Tips for Trail Safety
Tips for Trail Safety
Smart trail use includes adherence to some basis safety practices. Trails are shared recreation amenities and are accessed by a variety of users at the same time. Please be courteous to all users, and remember that pedestrians have the right-of-way. All trail users should stay to the right on the trail.
- Wear reflective material and carry a whistle or noisemaker.
- Own the trail. While using the trails, project alertness, confidence, and determination. Your shoulders are back, you are aware of your surroundings, and you have somewhere to go.
- Go with a buddy. Use the trails with a friend. Two or more trail users can assist each other in the event of accident or injury, and one can always seek help.
- The day is your friend. It’s better to avoid dusk and darkness.
- Use all your senses. Listen for suspicious noises. Don’t wear headphones; they impair your ability to hear someone approaching you from behind. If you sense that an area may be unsafe for you, leave. Use discretion when acknowledging strangers, and follow your intuition about unfamiliar people and areas.
- Take what you need. Carry personal identification. If you use a medication frequently, such as for diabetes or angina, take it and instructions for use with you.
- Leave valuables at home. Don’t make yourself an obvious target. If you must leave valuables in your vehicle while you are on the trails, hide them well before you arrive at the parking area; auto burglaries are all too common.
- Have someone waiting. Always let someone else know where on District trails or parklands you will be going and when you will return, and instruct him or her to call 911 if you do not return as planned.
- Be easy to find. Use marked, authorized trails only.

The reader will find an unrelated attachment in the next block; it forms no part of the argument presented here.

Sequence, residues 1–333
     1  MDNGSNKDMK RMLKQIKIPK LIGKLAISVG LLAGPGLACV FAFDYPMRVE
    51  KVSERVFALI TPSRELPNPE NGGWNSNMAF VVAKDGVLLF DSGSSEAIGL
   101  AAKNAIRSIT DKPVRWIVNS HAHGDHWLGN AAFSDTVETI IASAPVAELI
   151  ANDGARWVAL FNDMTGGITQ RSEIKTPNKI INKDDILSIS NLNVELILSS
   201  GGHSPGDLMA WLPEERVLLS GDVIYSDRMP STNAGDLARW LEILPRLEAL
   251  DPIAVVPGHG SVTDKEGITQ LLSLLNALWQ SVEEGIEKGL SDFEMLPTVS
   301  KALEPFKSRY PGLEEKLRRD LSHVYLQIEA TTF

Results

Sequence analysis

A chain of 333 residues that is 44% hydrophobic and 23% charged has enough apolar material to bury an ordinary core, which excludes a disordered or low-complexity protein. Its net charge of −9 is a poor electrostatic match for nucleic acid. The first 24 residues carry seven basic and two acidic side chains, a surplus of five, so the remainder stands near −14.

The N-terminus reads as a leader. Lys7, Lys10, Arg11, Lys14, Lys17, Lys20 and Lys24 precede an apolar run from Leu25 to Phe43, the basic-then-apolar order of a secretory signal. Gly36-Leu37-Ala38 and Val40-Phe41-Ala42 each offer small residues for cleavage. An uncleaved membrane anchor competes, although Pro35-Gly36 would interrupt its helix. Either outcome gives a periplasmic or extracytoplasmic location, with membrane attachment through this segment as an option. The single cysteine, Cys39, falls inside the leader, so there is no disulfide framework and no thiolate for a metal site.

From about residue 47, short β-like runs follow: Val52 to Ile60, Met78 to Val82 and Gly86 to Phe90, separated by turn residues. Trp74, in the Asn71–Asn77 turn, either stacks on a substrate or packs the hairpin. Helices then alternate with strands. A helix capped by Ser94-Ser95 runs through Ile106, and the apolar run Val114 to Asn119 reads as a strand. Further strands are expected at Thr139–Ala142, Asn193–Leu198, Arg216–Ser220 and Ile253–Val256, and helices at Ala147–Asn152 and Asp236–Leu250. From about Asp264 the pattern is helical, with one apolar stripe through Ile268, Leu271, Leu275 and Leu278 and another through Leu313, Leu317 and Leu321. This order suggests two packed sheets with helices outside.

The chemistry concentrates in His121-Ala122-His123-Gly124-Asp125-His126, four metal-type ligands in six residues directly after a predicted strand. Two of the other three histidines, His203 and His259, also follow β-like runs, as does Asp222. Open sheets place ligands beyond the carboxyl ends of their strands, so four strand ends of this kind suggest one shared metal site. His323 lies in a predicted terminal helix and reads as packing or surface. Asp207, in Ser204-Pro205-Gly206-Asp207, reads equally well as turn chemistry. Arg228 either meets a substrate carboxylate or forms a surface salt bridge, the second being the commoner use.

- Be considerate, aware of your impact on the trail and parklands, and aware of your effect on other park and trail users.
- For everyone’s safety, stay to the right side of the trail, especially when approached from ahead or behind by other trail users, and travel single file around blind curves. When several persons travel side by side, it can be difficult for other trail users to pass safely.
- In some cases, the best approach upon encountering a group of trail users approaching you is to move to the edge of the trail yourself, or off the trail if circumstances permit, stop, and let the group pass you.
- Check behind and to both sides before changing course.
- Use marked, authorized trails only. Respect trail and area closures. Most unmarked (unposted) trails have been created by other park users, tend to erode quickly because they are not well constructed, unnecessarily degrade the view and the plant and animal habitat, and are not maintained or patrolled. The authorized trail route may be a little longer, but using it gives you a little more scenery to enjoy, a little more exercise, and the satisfaction of knowing that you’ve helped preserve your parklands. “Leave no trace.”
- Stay within park boundaries. Fence lines are marked. Please respect the rights and privacy of adjacent property owners.
- Be prepared for the weather. A regional trail or park some distance from your home may have a very different climate. Adequate water supply and sun protection are advised for all outdoor activities in hot, sunny weather. Have several layers of appropriate clothing available if cold, wind, or rain may be present, especially in shady canyons or on exposed ridgetops.
- Please do not disturb or feed wild animals in the parklands. A general rule is that if a wild animal is easily approachable, it may be ill and should be left alone. Inform a park ranger or Volunteer Trail Safety Patrol member if you see an obviously sick animal.